It's a good idea to arrive the night before your observing run in order to settle in and acclimate. However, you can only do this with the knowledge and permission of the previous observer. Be sure to contact them well in advance to ensure it's OK. The MDM schedule is on the web. If you don't get permission you'll just have to stay downtown. There's a row of inexpensive hotels right by the airport -- La Quinta isn't bad.

Generate coordinate list files if needed.
If you have a lot of targets, you can save considerable time at the telescope by preparing coordinate lists ahead of time. The TCS (telescope control system) expects one object per line of the form
my_object 18 23 23.28 -0 14 14 2000
where the fields are a name without blanks, the RA and dec in the usual sexagesimal form (hours minutes seconds and degrees minutes seconds), and the coordinate equinox (i.e., "epoch"). Note that you can't use colons to delimit the fields - they have to be blanks. Otherwise, the format is free (you don't have to get the information into specific columns). You'll be selecting objects from the list by typing their names, so you'll want to make the names simple and mnemonic (e.g., tausource rather than 4E_0235.27389+123457-a).

If you have lots and lots of targets in different categories, it's also a good idea to split these out into separate lists, which work nicely in the JSkyCalc program.

Review time-and-the-sky if needed, and become familiar with JSkyCalc
If you're a grizzled veteran, you'll know time-and-the-sky pretty well. But if you're a relatively inexperienced observer, or if someone else was calling the shots on that one trip you made, then you'd better get familiar with time-and-the-sky calculations. Even though you've undoubtedly studied this stuff in more than one astronomy class, it's amazing how little of it sticks until you use it extensively. You'll need to understand in your gut (not just your head!) the concepts of right ascension (Quick! Which way does it increase?), declination, sidereal time, hour angle (Quick! How are RA, HA, and ST related?) and airmass. If you're doing stellar spectroscopy you may even need to understand the parallactic angle. You might find my own somewhat elementary monograph on time-and-the-sky to be helpful.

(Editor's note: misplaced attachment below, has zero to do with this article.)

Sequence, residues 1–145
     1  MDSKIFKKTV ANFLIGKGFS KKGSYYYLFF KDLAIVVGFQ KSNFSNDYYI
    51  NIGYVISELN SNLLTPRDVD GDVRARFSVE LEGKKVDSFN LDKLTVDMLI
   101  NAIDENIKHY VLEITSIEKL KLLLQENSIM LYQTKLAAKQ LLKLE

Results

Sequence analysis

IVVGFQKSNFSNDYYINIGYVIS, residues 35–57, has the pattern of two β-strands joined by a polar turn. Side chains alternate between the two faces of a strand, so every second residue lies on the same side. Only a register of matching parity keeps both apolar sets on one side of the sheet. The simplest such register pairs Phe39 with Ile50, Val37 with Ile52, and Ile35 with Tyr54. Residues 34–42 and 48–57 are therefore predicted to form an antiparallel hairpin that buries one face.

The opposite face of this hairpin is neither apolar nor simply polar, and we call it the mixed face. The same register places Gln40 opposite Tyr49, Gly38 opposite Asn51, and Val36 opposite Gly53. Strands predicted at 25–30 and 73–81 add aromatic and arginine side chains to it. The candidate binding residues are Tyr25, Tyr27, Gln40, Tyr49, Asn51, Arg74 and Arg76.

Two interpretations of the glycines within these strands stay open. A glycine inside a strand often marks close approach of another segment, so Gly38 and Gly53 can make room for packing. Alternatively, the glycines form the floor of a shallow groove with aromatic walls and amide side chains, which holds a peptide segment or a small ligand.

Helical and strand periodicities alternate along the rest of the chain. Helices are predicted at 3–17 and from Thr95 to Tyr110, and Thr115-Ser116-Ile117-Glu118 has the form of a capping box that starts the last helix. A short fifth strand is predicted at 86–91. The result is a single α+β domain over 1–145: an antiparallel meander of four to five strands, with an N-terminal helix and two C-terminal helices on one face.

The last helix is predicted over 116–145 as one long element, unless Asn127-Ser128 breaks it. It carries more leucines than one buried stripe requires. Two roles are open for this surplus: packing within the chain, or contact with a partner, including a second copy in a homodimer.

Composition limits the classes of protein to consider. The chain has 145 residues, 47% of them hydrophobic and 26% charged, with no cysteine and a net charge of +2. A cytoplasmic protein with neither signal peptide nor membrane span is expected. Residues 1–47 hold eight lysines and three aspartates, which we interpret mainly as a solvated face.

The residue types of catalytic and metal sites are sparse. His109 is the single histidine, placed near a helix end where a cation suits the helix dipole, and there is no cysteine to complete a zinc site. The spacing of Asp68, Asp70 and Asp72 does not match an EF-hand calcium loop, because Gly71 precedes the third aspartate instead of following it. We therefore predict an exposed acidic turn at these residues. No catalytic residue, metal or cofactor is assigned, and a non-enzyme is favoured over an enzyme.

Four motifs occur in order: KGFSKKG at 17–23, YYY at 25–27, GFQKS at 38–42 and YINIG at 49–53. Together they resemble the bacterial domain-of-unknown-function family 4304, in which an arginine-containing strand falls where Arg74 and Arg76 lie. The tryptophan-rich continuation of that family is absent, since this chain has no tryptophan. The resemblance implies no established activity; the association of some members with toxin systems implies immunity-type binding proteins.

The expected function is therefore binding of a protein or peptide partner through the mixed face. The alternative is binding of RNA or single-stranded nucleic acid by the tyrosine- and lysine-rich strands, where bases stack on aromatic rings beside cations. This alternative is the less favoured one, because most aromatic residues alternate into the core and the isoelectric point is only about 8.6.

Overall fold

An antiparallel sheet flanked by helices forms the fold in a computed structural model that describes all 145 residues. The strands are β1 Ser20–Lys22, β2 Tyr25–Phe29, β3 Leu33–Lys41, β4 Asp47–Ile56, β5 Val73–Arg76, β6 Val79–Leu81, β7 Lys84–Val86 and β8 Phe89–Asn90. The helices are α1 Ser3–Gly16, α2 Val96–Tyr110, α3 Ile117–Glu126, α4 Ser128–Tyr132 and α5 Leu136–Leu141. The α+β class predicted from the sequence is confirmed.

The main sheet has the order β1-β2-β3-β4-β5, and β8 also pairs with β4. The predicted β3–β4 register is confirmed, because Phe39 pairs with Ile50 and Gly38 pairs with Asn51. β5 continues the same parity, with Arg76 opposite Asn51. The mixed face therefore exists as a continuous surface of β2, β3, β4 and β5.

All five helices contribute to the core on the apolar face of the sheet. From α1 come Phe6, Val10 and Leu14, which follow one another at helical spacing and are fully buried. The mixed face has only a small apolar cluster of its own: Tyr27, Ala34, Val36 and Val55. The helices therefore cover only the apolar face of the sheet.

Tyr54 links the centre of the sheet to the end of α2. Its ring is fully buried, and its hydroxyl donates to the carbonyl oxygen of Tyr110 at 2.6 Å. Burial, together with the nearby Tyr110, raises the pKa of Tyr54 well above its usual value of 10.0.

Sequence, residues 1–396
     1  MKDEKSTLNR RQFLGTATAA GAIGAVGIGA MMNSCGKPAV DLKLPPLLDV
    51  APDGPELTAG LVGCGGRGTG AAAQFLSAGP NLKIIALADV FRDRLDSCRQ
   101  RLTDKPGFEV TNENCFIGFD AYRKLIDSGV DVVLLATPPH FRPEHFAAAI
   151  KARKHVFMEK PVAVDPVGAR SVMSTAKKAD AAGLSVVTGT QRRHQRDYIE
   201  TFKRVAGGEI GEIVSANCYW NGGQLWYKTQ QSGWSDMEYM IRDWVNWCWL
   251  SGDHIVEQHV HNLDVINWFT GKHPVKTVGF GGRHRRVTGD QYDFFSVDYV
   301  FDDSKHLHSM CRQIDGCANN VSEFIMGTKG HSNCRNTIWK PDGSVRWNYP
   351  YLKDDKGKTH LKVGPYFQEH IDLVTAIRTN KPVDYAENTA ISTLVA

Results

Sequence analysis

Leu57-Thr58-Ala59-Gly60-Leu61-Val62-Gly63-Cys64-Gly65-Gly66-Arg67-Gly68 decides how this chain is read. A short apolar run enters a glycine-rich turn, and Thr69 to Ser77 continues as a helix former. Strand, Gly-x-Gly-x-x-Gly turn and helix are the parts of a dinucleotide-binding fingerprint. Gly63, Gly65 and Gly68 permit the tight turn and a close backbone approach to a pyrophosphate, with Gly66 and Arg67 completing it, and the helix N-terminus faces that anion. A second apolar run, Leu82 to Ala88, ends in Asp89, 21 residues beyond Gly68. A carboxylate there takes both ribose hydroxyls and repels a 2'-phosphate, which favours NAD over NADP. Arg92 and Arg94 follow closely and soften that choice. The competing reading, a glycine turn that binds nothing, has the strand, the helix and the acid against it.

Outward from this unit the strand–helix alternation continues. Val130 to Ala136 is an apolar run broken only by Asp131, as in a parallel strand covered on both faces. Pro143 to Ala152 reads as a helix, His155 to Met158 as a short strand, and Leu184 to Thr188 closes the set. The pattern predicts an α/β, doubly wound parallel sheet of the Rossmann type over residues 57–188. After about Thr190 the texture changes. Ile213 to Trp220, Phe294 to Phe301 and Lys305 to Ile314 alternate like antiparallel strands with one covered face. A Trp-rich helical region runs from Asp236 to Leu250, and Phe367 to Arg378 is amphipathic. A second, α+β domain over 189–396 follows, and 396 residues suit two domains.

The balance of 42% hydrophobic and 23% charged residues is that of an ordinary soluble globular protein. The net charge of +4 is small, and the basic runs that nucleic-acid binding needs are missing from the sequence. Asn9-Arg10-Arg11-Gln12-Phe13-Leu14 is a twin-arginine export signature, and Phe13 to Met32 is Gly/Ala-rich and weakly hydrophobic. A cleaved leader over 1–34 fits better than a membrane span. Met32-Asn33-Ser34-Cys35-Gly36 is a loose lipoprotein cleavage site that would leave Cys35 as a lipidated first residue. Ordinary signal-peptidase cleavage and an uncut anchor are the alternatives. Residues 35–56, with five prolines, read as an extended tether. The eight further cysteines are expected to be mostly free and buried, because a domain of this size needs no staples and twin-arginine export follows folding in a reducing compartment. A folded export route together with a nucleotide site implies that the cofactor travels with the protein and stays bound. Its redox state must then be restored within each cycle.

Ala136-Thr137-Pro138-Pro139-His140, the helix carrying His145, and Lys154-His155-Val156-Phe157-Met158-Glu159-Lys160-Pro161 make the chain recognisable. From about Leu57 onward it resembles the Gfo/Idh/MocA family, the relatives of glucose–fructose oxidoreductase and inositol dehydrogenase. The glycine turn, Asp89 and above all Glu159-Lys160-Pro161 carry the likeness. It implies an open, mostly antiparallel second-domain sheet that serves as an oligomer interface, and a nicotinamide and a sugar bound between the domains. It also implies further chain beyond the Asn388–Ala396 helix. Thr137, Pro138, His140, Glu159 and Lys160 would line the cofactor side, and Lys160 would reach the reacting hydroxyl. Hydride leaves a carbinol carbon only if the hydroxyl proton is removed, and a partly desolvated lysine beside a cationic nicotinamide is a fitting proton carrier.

It should be especially useful to spend some time playing with JSkyCalc, which, being in Java, "just works" on almost any computer. I mention this here not just because of pride of authorship, but because at MDM there is a special version for the 2.4m telescope, which lets you select guide stars for your target and move the guide probe with a mouse click. This is extremely useful in guiding and acquisition.

While you're at it, be sure your targets will be observable, and that the moon isn't going to be a problem. JSkyCalc has features designed especially for this, such as the airmass graphs and sky view. You can anticipate and avoid many difficulties through the simple exercise of sketching a dusk-to-dawn timeline for your first night.

Blank data media
There are usually some DVDs at MDM, but it's a good idea to bring along a few blanks, or better yet, an external HD to record your data. If you bring a laptop with a fair amount of free hard-drive space, you may also be able to copy the data onto its drive using scp or rsync (though I'd worry if a laptop contained the only copy). If your data volume isn't too big, you might even be back it up onto a USB memory stick -- but again, I wouldn't make that your only copy!  Data are trypically removed from MDM machines, without notice, after 2 weeks.